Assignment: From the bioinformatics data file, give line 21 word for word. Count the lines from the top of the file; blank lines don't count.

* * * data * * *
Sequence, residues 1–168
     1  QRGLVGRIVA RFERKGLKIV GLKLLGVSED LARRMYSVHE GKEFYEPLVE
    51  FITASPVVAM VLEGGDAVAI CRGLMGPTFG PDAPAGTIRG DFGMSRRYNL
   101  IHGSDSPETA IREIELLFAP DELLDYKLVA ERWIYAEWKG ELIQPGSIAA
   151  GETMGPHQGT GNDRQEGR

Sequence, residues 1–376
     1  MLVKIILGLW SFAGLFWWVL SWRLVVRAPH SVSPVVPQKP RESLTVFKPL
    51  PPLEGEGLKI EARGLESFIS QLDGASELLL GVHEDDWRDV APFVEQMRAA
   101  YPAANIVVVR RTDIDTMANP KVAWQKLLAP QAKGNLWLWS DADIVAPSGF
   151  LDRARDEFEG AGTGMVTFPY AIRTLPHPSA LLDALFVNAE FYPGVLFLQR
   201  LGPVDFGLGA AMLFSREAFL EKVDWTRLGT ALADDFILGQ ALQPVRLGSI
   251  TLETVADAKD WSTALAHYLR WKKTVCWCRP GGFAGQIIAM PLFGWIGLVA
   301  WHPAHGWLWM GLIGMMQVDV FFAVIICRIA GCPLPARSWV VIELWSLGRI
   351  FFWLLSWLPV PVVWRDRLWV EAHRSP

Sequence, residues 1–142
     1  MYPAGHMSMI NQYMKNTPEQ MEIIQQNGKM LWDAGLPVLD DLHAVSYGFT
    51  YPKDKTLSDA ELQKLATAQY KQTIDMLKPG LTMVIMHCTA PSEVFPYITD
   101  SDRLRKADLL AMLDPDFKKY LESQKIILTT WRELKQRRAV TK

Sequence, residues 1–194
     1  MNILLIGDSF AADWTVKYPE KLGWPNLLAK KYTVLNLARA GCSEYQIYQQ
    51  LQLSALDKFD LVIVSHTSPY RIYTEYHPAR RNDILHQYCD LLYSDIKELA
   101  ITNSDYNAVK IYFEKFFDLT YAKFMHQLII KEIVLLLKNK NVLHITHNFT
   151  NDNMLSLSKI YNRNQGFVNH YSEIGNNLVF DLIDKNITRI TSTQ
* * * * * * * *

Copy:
    51  LQLSALDKFD LVIVSHTSPY RIYTEYHPAR RNDILHQYCD LLYSDIKELA